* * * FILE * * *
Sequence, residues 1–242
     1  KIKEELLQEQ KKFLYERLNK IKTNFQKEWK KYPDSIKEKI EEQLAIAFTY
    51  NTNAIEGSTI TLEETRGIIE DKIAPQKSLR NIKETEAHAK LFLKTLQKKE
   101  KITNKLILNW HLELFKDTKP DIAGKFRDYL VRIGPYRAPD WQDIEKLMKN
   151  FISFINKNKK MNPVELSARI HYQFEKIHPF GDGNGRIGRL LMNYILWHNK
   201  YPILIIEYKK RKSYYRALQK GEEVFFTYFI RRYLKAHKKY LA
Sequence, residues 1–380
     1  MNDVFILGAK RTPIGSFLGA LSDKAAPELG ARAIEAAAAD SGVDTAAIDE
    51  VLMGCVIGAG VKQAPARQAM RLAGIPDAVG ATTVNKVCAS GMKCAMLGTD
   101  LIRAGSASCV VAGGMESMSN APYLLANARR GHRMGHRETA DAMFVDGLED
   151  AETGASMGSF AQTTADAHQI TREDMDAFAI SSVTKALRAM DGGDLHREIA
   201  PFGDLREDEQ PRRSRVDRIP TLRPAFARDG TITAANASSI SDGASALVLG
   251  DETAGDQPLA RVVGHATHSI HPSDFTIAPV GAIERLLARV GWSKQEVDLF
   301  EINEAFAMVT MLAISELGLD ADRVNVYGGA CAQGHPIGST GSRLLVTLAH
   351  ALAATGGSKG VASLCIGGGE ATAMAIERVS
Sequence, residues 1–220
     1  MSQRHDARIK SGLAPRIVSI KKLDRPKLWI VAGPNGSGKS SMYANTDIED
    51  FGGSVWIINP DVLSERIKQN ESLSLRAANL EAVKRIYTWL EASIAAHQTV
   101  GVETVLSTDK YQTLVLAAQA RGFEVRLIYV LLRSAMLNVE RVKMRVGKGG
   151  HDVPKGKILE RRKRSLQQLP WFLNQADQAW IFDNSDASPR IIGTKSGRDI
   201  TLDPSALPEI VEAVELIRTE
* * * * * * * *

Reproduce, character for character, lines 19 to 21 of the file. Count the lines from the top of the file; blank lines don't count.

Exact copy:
   101  GVETVLSTDK YQTLVLAAQA RGFEVRLIYV LLRSAMLNVE RVKMRVGKGG
   151  HDVPKGKILE RRKRSLQQLP WFLNQADQAW IFDNSDASPR IIGTKSGRDI
   201  TLDPSALPEI VEAVELIRTE